When Sun-n-Fun was Really Fun.


Sun N Fun is the second largest airshow in the country, and it has been around for decades. It is held every spring in Lakeland Florida. Today it has been transformed into a Walt Disney style family spectator event, but long ago, it was the bastion of experimental aviation, and a ritualistic gathering of original ultralight characters.


Unlike today, where in the name of “make it nice, inoffensive and character free” airshows are promoted with images of yuppie families driving imported minivans to squeaky clean (and dull) events, There was a time where some events were actually fun for real people in aviation. The WW standard for “Fun” is a simple question: Would Pappy Boyington think this was entertaining? 


I attended every single Sun-n-fun from 1989-2015, I stayed all week at most of them. There was a golden period, now gone for a decade, never to return, where the Ultralight people easily would have met Pappy Boyington’s nocturnal approval. While there was an official Ultralight party every year, the whole week was a series of great evenings with the characters who made up the vibrant world of Ultralights.



Above, witness a historical aviation artifact of the first order, A one Gallon container for “Muzzle Loader” , a volatile moonshine made by the legendary Chuck Slusarczyk ( who is in the EAA hall of Fame)  The jug  is carefully preserved in my hangar, awaiting the day when the horrible trend trying to make everything ‘nice’ is reversed, and this jug can take its rightful place in the EAA museum.


Muzzle Loader was so potent it would take the bottom out of a white styrofoam cup in 5 seconds, yet it was willingly consumed by hundreds of revelers at the Ultralight parties in the 1990s. Chucks rock band, complete with background singers in choir robes, would hammer out classic covers like “Sweet Home Alabama”  and originals like the “Zooming'” song.  Most people know I very rarely drink anything at airshows. People guess at the reason, buy its this simple: nothing today could hold a candle to an evening lead by Chuck Slusarczyk, so there really isn’t much point in trying.



Above, screwed to my hangar wall, an official sign for one of the later parties. At the early ones the beer was free, provided by a local distributor. Lakeland is in Polk county, a particularly hard core blue collar, place that breeds a very strong party mentality. The Ultralight party was known for attracting dozens of Polk county’s most fun women, many of whom would be there as groupies year after year.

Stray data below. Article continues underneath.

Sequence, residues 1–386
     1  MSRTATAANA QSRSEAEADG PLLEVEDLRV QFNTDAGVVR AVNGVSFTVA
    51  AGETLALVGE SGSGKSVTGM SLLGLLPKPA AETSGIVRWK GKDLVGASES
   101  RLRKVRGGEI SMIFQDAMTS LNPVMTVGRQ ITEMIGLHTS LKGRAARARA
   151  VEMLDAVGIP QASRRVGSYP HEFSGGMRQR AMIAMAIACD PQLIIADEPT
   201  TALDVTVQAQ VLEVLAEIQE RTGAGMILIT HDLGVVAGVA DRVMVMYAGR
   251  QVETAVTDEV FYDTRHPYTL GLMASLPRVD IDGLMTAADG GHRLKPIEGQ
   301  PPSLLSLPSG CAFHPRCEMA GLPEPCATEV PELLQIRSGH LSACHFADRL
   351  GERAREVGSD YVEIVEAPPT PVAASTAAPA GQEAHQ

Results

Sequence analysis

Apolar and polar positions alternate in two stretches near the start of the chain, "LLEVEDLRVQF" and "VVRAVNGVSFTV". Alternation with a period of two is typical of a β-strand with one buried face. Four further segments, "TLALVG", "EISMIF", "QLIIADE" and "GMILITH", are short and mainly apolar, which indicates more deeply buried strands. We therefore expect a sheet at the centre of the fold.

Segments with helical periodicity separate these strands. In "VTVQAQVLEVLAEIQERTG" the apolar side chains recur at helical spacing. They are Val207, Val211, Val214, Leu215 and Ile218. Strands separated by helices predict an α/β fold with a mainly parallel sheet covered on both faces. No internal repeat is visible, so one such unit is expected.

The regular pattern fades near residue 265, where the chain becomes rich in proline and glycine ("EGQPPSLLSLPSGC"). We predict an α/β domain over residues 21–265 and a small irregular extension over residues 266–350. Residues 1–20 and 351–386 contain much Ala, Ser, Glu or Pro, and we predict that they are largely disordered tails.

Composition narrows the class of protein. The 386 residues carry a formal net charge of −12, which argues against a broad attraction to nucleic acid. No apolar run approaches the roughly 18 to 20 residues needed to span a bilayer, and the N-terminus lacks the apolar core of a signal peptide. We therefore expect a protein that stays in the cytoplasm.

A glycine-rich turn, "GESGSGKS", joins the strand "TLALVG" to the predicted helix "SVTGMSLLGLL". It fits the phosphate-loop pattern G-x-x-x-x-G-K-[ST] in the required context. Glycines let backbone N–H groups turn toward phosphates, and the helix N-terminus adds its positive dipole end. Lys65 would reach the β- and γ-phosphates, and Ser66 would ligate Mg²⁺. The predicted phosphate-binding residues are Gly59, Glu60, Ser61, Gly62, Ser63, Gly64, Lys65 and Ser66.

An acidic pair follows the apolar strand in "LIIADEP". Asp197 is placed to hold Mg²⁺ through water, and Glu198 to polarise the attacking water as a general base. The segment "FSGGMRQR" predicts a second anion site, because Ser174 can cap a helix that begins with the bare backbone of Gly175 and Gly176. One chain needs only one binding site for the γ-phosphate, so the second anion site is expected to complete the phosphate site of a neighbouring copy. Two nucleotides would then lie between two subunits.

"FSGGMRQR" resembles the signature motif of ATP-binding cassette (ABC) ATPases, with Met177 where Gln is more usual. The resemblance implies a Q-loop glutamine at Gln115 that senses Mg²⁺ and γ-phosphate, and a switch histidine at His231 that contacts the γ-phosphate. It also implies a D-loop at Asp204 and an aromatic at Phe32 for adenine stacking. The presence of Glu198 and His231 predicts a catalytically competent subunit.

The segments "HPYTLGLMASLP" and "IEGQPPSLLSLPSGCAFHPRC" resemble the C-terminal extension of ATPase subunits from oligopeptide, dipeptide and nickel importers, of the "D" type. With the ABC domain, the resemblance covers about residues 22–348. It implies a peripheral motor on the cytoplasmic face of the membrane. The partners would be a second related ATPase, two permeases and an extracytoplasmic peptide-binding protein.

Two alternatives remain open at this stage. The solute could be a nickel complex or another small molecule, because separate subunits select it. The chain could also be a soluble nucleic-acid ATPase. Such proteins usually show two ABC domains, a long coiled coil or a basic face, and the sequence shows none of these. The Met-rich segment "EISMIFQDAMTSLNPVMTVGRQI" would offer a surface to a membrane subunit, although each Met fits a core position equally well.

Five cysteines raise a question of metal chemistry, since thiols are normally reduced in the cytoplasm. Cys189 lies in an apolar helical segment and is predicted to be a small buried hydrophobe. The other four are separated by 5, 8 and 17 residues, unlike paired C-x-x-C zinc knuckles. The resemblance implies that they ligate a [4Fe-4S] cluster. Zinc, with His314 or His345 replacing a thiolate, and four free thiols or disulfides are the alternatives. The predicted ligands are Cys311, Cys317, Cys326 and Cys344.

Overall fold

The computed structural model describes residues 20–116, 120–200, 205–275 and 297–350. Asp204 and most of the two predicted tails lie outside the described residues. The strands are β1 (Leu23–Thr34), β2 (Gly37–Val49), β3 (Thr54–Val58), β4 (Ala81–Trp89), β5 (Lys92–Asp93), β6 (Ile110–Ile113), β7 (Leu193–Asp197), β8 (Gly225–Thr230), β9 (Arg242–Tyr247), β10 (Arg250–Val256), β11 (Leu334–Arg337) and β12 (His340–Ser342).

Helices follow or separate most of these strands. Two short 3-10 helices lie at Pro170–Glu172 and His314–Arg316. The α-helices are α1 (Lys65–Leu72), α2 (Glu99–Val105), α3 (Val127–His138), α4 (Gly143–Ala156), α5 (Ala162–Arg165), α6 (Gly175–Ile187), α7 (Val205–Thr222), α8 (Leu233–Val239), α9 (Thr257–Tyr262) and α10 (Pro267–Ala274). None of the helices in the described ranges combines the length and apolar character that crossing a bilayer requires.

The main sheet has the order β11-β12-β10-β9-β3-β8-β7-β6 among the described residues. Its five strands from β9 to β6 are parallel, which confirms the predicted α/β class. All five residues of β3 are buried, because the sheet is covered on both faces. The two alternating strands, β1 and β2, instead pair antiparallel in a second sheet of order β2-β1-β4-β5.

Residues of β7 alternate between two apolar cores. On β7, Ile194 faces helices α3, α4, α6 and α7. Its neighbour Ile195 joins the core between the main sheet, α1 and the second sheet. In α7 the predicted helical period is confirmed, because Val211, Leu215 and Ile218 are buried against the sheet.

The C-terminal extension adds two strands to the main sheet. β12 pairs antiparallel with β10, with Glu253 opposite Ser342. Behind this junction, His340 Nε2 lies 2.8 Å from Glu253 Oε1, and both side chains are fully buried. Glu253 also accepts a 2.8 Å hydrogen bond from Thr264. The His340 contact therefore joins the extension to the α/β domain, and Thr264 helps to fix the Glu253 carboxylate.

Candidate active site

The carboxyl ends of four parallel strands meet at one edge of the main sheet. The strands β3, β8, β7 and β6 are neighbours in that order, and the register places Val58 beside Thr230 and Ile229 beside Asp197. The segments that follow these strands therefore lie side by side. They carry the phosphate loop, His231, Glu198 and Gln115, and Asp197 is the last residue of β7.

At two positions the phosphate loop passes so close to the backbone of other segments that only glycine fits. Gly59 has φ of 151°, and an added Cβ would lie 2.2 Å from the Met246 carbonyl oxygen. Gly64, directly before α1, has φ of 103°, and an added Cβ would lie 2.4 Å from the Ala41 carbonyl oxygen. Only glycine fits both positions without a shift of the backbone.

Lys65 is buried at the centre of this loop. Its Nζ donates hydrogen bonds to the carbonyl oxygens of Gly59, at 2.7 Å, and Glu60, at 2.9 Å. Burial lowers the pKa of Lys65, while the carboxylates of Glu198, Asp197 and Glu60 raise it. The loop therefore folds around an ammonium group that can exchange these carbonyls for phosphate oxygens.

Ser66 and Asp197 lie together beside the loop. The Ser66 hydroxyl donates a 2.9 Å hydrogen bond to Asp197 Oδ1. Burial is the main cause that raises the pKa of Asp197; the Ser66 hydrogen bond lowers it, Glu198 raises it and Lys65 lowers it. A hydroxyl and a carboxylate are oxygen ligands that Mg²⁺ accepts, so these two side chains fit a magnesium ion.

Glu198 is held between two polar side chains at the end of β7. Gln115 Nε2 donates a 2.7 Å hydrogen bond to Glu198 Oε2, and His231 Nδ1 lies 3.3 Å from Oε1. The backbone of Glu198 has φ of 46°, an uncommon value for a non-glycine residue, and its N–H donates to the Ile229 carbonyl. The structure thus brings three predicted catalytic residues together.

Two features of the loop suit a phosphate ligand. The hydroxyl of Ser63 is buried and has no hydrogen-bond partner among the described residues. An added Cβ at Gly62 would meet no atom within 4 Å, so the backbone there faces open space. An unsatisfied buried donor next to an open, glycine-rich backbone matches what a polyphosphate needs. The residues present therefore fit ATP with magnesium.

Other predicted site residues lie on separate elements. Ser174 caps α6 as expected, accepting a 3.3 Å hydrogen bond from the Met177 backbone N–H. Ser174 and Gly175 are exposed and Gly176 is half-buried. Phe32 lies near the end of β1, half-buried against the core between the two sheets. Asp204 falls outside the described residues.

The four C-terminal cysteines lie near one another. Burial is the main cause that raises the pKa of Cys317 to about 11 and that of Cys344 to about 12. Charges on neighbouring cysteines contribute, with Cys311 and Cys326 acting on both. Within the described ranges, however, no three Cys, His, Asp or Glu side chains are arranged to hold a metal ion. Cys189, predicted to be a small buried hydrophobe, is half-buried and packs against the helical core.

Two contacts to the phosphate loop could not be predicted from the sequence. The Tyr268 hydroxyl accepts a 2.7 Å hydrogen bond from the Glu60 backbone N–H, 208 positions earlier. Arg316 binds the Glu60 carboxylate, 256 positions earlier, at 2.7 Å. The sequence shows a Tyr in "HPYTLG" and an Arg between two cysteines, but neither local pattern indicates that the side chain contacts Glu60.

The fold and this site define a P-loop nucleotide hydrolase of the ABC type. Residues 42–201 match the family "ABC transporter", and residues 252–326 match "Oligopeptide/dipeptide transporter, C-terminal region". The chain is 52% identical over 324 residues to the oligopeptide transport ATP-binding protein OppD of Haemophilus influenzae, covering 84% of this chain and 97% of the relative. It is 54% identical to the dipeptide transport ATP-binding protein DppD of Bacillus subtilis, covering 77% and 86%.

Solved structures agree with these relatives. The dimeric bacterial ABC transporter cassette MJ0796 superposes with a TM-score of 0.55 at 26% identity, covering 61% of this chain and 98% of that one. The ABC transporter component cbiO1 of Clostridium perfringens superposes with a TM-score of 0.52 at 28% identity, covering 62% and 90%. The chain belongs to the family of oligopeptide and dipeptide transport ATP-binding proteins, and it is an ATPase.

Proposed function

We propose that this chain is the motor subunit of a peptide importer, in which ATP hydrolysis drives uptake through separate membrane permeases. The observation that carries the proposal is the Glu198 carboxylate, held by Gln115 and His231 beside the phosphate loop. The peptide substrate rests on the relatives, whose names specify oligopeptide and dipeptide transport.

Muzzle Loader is good for you, just read the label.  One year I coined the phrase “Muzzle Loader – Liquid Dignity Remover by Slusarczyk” and Gus Warren printed very popular shirts which bore this motto.



Yes, some things need a warning label.



Different Years came in different flavors: this was a 2001 jug, that year Chuck made 17 gallons of “Black Bury Falver” , which was patterned after a family 1927 recipe.


Above, My Pietenpol at the last hours of Sun n Fun 1996. From L to R, Gus Warren, Steve Upson and a much younger version of me. The smiles are strained, we had spent the previous night at the Ultralight party. The Photo was taken by EAA’s Mary Jones, who had the great fortune of being close friends with many of the original 1980s Ultralight people. I consider myself fortunate to have had fun with them in the 1990s, today, this type of fun is just a memory from a different era. 




About William Wynne
I have been continuously building, testing and flying Corvair engines since 1989. Information, parts and components that we developed and tested are now flying on several hundred Corvair powered aircraft. I earned a Bachelor of Science in Professional Aeronautics and an A&P license from Embry-Riddle Aeronautical University, and have a proven 20 year track record of effectively teaching homebuilders how to create and fly their own Corvair powered planes. Much of this is chronicled at www.FlyCorvair.com and in more than 50 magazine articles.

5 Responses to When Sun-n-Fun was Really Fun.

  1. Ron Leclerc says:

    Those were the good old days…what we called that stuff up here(Canada)… is “porch climber”!!!
    Great stuff and cures what ales you…

  2. Dan -o says:

    Ah the good old days!

  3. Marshall says:

    What I’m hearing is…… I need a private airstrip, a stage and a bunk house. That’s what I’m hearing.

  4. Arnold Holmes says:

    While I never had the SNF version of muzzleloader, William and I did consume enough of the Oshkosh version. One time I found myself with half my clothes off laying in the soft green pasture next to the chapel wondering how I got there. Another time we road a bus back to camp from the party and had the whole bus singing the Flintstones theme song, I believe chuck S was on that bus as well.

    There will never be times like that at Oshkosh again, they have decided to make it too sanitary.

    • Ahh, good times. It was Chuck who was the band leader for all of us singing the Flintstones theme. Remember we were all dropped off by the Red Barn next to ultralights, we each tried to hurtle a chain stretched across the road and each in turn did an ‘agony of defeat’ wipe out. I remember discovering the next day that the chain which seemed about 5’ tall the night before was actually about 16” off the ground.

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